Sunday, April 15, 2018

[letter to an anonymous person about life’s lessons] writing exercise

To Whom It May Concern
I write this as a way of perhaps expressing those few things I’ve learned in life and wish them to be passed on. A message in a bottle would be a bit of a romantic idea, I suppose, but maybe it really is just the ticket, too. Imagine the possibilities.

(The fine print.) I do indeed presume to suggest that what I have learned over the years are, in my opinion, of particular wisdom. You may follow all or a few or none of these. It’s your life. This is a compilation of a just a few hints, ideas, and bits of advice from an old man. (End of fine print.)

In no particular order or importance:
Read your Bible;
Avoid smoking;
Keep on the lookout for love in yourself and in others;
Eat curiously;
Travel whenever possible to anyplace;
Learn, be curious, be intellectual, be skeptical;
Do good things and think good thoughts;
Be positive;
Practice the Boy Scout Law;
Know your commandments;
Go to school;
Be smart;
Never stop dreaming to be better but be careful about wanting better;
Be forever cognizant of who you are;
Know thyself, say the Greeks, and avoid extremes.

Sunday, April 08, 2018

writing lessons: the greatness of sandwiches

I like a good sandwich which means I have to list the ingredients of a good sandwich but experience says that the personal touch is more important than the ingredients. Your mother would say the same thing.

Generally I like whole wheat store-bought bread. This is probably criminal in some minds but I am not a fan of the over-sized hoagy nor the artisan bread that has rocks in it. My fillings get tired of the latter and my jaw tired of the former. I generally like deli-cut meats: roast beef, most hams, BBQ but sauce on the side. I like a sprinkling of lettuce, cheese (almost any kind), horseradish mustard, sweet pickle, and onion but not the oils. For something like a Philly, a grilled sandwich, I go for extra mushrooms and onions, all kinds of peppers but forget all the rest of the stuff. Well, maybe a few tomato slices. All grilled together.

I am not too picky. Really, I’m not. I’ve had some really good sandwiches at roadside diners and some really lousy ones in the the so-called finer restaurants. It isn’t as much as a list of ingredients as it is freshness, a little bit of care, and human intervention. Corporate sandwiches generally do not cut it. I like to be able to add or subtract on a whim. I’m not bragging but I’ll give a lot of leeway and I have tried some sandwiches at places I might not have tried before. But, sometimes you just get so lucky!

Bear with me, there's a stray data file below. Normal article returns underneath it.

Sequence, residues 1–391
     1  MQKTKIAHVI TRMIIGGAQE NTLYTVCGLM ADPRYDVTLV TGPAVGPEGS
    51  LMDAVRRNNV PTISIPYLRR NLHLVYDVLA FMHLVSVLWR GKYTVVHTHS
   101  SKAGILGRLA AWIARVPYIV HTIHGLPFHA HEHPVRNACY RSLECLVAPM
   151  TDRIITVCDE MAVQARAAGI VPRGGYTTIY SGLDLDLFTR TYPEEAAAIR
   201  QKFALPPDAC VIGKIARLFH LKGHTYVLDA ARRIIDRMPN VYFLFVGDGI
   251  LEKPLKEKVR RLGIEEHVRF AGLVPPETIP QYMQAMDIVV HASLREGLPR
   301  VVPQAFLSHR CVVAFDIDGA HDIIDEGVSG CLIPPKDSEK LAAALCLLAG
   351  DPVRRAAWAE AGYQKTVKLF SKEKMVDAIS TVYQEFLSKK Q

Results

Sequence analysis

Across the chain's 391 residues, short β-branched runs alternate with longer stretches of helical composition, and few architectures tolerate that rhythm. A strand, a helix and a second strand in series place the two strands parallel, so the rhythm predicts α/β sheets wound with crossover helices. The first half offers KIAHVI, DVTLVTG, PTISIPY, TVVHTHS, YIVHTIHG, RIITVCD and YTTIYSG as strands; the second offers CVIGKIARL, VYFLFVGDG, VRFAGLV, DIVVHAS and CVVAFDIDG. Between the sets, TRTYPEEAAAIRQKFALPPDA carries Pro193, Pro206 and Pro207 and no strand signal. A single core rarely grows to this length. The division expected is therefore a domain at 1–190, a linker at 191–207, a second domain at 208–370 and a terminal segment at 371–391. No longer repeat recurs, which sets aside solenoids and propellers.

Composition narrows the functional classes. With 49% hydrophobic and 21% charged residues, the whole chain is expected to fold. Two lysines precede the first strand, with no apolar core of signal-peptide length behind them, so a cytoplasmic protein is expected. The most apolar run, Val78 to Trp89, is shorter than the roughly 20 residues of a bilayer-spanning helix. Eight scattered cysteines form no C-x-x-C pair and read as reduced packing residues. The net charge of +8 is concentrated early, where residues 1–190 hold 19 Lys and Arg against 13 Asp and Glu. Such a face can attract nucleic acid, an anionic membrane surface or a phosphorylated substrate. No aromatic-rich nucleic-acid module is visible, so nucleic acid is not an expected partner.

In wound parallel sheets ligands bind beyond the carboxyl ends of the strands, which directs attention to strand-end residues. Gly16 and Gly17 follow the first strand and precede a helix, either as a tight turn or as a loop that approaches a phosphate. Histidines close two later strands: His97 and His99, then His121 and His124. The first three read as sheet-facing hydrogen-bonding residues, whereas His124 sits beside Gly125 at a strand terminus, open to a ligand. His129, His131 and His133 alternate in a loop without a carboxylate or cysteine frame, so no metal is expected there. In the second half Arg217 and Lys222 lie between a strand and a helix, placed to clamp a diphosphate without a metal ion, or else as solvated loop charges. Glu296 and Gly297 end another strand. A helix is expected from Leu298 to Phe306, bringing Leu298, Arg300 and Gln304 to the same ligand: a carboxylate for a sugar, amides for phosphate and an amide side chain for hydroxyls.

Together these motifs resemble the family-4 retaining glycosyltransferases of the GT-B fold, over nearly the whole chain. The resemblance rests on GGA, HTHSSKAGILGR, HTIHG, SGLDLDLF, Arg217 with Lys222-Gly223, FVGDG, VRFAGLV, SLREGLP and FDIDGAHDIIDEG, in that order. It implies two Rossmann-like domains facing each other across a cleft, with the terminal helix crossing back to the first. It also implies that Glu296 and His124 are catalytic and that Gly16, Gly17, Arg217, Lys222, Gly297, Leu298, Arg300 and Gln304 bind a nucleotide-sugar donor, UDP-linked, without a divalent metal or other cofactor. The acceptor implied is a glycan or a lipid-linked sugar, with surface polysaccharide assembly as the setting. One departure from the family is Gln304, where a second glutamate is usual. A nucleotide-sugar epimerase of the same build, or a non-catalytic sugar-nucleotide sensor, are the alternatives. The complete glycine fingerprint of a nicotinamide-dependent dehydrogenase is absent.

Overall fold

The best sandwiches I think hold together, physically. I don’t like having chunks of bread on my plate and me holding the sandwich between the meat and the lettuce. I have begun here later in life to avoid mayo which raises the eyebrows of a few counter people but they get over it pretty quickly. Mayo has been replaced by the horseradish mustard. Much better tasting. A variety of tastes, if I recall rightly, is very good for your system.

Strangely, enough, I remember a grilled pimento cheese sandwich which should not be all that noticeable but it was at a little diner in Hadleyville, SC, while we were out birding. The sandwich was good, the little shop with 24 seats where we took 18 of them was even better. Maybe that was part of the enjoyment. Changed my thinking about pimento cheese. I don’t recall all the details but it was good!

Sunday, April 01, 2018

Writing Assignment: A Favorite Moment in a Film

Nicolas Cage, in The Lord of War, plays an arms dealer who operates on the scale of armies instead of gangsters. The movie is a pretty good movie with lots of tight spots and quandaries for Cage’s character. In one scene he lands on board a plane on a dusty road in Africa and is captured immediately by the cops. The cops, hoping to break him, chain him to a box, and leave him for the rest of the day and the night sitting near the plane.

Before the cops return the next day, the natives strip the plane completely to the point there is no plane left, just Cage sitting on his box.

The scene is done in stop action and is quite impressive. It almost takes away from the story but makes for an interesting few minutes of movie watching.